Prodigy Tactics is ready to leave Steam Early Access after spending nearly a year in that stage of development. Despite a number of high profile game releases on the horizon, it doesn’t seem like a bad time for Hanakai Studio to pull the trigger on launch, either. Strategy games have seen a sort of revival lately, especially on the indie scene, with titles like Into The Breach making a big, mech-sized splash in the genre.
The thing about tactical games is that they have to do a lot of work to stand out. A lot of the fondly remembered progenitors of games like Prodigy Tactics innovated elements of the genre that would then be honed and refined by future titles. Does Prodigy Tactics manage to set itself apart from its competitors, and is it enough to make for a memorable entry into the hallowed halls of strategy legends?
The short answers to those questions, in order, are yes and no. Prodigy Tactics is a game that innovates enough to offer something valuable to the genre, but it’s not a ground-breaking title by any means. That, coupled with a few hiccups in depth, make for a game that is well-worth checking out for fans of tactical games but will do nothing to convince those averse to the genre to give it another shot.
First, it has to be said - Prodigy Tactics is absolutely gorgeous. Hanakai Studio was founded by Jean Bey, who has a background in traditional game figures, and it shows. Every character is extremely detailed, has noticeable quirks in their design that make them quite unique, and delivers combat moves with flair. The game’s character designs and battlefields would not look out of place coming from a major studio, and this kind of quality being delivered by an indie studio is mind-boggling.
Where the game truly innovates is within the mechanics of its combat, however. Prodigy Tactics allows players to choose a number of different heroes who each have different skills and affinities. One character is particularly adept at delivering poison damage, which ignores a lot of defensive abilities, but they are fragile - so pairing them with someone who can defend and heal them is wise. That’s a basic explanation of how team construction can go, but rest assured it gets really deep as the game progresses, with characters leveling up, gaining points in various stats and then learning new skills that can go in different directions based on your preference.
The game’s unique offering to the genre is the Harmony and Dissonance system, something the developer is rightfully proud of. Harmony abilities are safer bets, do consistent damage, and have no significant drawbacks, but can’t be performed when a character is standing on a Dissonance tile. Dissonance tiles emerge when characters perform Dissonance abilities, which fluctuate in power level and offer a much wider range of strength and utility - but at a cost. Dissonance tiles accumulate on the board, offering two negatives. First, Harmony abilities are really difficult to maneuver into. Second, every Dissonance tile created heightens the risk of a Dissonance explosion, an event that clears the side of the board it happened on of Dissonance tiles and deals scaled damage to every character there based on the amount of tiles wiped out.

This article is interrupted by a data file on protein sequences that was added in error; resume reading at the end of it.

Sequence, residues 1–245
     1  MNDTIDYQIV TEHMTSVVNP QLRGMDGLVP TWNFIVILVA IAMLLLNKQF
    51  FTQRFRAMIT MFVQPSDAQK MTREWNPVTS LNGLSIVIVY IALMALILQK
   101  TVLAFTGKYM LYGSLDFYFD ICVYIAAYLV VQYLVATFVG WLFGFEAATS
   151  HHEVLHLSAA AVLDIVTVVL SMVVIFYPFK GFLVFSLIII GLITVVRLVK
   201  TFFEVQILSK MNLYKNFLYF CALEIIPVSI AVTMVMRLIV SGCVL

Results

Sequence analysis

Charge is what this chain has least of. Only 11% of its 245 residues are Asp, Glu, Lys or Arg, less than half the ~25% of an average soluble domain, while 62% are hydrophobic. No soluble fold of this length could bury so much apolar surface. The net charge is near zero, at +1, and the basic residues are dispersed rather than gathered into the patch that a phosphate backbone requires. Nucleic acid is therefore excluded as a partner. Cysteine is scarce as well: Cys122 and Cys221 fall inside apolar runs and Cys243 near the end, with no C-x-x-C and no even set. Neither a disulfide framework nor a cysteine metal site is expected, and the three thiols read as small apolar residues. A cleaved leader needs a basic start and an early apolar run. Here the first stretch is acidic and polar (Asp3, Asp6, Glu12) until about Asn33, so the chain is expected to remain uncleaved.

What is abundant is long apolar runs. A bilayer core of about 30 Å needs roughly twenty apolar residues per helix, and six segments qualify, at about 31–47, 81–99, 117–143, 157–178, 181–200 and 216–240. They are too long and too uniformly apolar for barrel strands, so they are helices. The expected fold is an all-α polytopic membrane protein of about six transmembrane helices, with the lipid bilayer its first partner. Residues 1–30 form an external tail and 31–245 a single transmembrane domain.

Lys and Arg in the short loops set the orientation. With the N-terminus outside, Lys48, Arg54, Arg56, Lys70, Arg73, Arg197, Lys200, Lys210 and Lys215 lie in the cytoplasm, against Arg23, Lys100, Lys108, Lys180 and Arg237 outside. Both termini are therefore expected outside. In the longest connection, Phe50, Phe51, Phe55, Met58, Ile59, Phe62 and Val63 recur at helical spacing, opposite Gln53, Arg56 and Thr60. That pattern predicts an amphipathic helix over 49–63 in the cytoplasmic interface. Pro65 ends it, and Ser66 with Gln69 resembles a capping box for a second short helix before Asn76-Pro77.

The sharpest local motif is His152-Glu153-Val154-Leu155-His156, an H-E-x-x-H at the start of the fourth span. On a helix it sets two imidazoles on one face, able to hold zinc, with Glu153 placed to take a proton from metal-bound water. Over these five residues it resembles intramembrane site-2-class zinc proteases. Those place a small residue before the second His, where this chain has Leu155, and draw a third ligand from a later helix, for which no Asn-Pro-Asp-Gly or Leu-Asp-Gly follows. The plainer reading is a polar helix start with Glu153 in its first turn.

Beyond the Harmony and Dissonance system, it’s classic turn-based combat, which is fairly easy to pick up for anyone familiar with it. Where the game begins to stumble is in its plodding pace, especially early in the game. It takes Prodigy Tactics a very long time get going, and even early tutorial battles take a lot more minutes than are necessary. It’s not a dealbreaker, but it’s kind of annoying - games like this tend to thrive when players can jump in, play a couple quick games, then get drawn in and play a bunch more without realizing how much time has passed. That’s a hard sell when players are acutely aware of the many minutes it is taking to wrap up what equates to a trash mob in MMORPG terms.
The most egregious element of Prodigy Tactics is by far its single-player campaign, though. Multiplayer matchmaking takes a long time, but that’s to be expected of an Indie Steam title, and it’s well worth the wait. To kill the time, there are single player modes, the two most important of which are Bastion and Stories. Bastion is simply fending off enemy waves, and it’s a nice way to level up characters although it's a little bare bones.
Stories mode is where it falls apart. The game’s writing is painfully simple, and the characters, despite their amazing designs, fail to really make an impact or separate themselves in terms of personality. The campaign does little to sell players on why it is worth playing, and, like the combat itself, takes too long to get going for an endeavor that lasts somewhere between 10 to 15 hours.
Prodigy Tactics is a gorgeous indie tactics title that falters when it comes to the execution of some important game modes. For genre buffs, it’s definitely worth a look, and should offer up some fun, innovative gameplay in multiplayer particularly. For anyone else, though, Prodigy Tactics might be a hard sell, unless you really, really love multiplayer tactics and are okay sacrificing a high-quality single-player experience to dive in.
Prodigy Tactics is out of Early Access on Steam on September 28, 2018. A Steam review code was provided to Screen Rant for the purposes of this review.